Perhaps the JLP's divisions are a symptom of a deeper underlying problem with Jamaican politics, the refusal of an aging cadre of career politicians to make way for a new generation. The PNP itself recently saw such a confrontation, but the old boys again fought off the challenge.

Golding an anomaly

Bruce Golding may be a bit of an anomaly, for though 62, he has, since 1995, styled himself - in words, if not always in deeds - a new-age man fighting against 'old time politics'. And ever since his 2002 return, he has been seen as the natural leader of Labour's reform wing.

In fact, 'NDMisation' was, and perhaps still is, shorthand for 'JLP reform''. And it was essentially the NDM crew of Chris Tufton, Daryl Vaz, Gregory Mair, and Michael Stern who got the JLP over the line in 2007. Odds are that, without Mr Golding's return and the resulting injection of new blood, the JLP would still be in its 21st consecutive year of opposition. Something perhaps for the 'rockstone Labourite' old guard to ponder.

Jamaican politics has become almost a sort of gerontocracy at the top. Most of our senior leaders are in their 60s or late 50s. This is not the case in places like Britain, the US, Canada and Australia, where David Cameron, Barack Obama, Stephen Harper and Julia Gillard became national leaders at the ages of 43, 47, 47 and 48, respectively. Even Barbados' David Thompson was elected prime minister at 46.

Some would argue that one of the reasons Jamaica seems to be increasingly left behind by a rapidly moving globalised world is that our born-in-the-1940s leaders just have not been able to adjust to these modern computerised times. This may or may not be true, and in fact, our dearth of female politicians of all ages may be an even bigger issue than any generational divide.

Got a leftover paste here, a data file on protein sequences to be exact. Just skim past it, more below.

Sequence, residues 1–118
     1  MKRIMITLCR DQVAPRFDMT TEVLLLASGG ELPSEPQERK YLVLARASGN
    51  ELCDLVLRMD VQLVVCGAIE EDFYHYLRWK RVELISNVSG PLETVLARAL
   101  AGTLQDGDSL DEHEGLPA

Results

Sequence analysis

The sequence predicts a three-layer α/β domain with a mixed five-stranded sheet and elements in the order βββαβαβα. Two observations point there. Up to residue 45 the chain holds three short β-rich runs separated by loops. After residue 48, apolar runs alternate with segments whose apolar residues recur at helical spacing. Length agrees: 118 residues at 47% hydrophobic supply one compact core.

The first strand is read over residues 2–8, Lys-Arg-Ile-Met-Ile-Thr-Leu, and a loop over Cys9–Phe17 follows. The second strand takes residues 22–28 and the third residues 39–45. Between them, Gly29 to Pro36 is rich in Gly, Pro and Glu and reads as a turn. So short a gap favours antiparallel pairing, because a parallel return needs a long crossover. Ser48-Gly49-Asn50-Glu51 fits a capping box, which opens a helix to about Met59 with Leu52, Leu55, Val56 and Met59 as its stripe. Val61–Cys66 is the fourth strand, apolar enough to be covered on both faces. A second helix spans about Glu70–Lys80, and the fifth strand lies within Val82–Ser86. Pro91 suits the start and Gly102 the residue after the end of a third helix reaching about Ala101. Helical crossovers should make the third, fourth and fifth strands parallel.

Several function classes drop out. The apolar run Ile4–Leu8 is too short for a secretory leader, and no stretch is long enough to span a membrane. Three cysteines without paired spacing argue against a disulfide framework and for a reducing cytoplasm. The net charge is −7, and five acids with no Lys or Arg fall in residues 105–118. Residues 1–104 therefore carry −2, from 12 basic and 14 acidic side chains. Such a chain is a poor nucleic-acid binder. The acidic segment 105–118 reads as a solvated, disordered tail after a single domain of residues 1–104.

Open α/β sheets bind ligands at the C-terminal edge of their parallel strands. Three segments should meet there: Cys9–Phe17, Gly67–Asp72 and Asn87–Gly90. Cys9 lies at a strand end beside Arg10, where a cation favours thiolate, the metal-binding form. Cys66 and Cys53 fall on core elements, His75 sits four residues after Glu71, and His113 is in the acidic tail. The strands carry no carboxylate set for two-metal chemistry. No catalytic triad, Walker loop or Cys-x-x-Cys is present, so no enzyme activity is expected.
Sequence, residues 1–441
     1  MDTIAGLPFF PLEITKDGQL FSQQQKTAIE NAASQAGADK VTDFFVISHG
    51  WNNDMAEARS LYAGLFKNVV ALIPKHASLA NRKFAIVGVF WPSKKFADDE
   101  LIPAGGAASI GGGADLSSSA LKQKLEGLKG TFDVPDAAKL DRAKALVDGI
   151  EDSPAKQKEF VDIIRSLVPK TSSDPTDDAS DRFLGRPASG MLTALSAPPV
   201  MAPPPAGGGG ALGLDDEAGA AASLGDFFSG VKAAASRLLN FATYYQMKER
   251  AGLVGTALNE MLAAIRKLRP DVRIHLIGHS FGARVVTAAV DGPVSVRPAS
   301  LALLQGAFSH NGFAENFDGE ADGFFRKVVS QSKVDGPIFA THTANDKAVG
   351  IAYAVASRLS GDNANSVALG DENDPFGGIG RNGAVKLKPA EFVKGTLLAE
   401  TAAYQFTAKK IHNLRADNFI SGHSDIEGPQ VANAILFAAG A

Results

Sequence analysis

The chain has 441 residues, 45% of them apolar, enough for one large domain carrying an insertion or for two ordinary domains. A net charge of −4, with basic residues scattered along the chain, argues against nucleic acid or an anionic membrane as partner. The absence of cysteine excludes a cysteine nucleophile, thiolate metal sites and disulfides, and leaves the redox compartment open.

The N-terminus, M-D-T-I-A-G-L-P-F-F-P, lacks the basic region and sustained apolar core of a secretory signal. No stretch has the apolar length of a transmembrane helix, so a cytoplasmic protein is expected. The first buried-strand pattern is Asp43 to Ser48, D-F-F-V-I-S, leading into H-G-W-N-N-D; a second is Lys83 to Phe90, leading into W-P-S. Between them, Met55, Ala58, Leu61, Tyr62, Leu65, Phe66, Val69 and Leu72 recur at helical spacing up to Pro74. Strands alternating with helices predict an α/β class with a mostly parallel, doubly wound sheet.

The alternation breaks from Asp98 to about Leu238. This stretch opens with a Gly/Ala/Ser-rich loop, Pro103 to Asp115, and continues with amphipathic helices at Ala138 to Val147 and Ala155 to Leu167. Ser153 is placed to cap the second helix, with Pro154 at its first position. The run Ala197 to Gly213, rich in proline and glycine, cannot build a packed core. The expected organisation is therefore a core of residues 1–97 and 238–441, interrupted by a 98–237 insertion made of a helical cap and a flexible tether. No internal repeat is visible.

Still, you have to wonder why our leaders and potential leaders are so much older than those in most of the English-speaking world.

Mr C's ideal shadow Cabinet

  • Finance - Mark Golding
  • Investment and Development - Peter Bunting
  • Security - Peter Phillips
  • Local Government - Fitz Jackson
  • Youth, Sports and Women's Affairs - Lisa Hanna
  • Information - Sandrea Falconer
  • Education - Basil Waite
  • Agriculture - Norman Grant
  • Mining and Energy - Phillip Paulwell
  • Transport - Michael Peart
  • Water and Housing - Omar Davies
  • Tourism - Wykeham McNeill
  • Health - Fenton Ferguson
  • Justice - A.J. Nicholson
  • Foreign Affairs - Anthony Hylton
  • Labour - Derrick Kellier."